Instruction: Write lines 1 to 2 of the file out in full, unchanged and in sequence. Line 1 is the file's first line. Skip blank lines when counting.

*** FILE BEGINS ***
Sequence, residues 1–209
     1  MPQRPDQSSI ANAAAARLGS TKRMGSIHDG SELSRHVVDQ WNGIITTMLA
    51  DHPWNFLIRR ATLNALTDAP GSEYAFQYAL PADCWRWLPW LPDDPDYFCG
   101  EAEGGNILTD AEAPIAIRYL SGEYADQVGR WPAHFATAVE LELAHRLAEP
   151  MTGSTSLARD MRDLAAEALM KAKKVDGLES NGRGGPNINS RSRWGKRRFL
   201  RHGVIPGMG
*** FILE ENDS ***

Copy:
Sequence, residues 1–209
     1  MPQRPDQSSI ANAAAARLGS TKRMGSIHDG SELSRHVVDQ WNGIITTMLA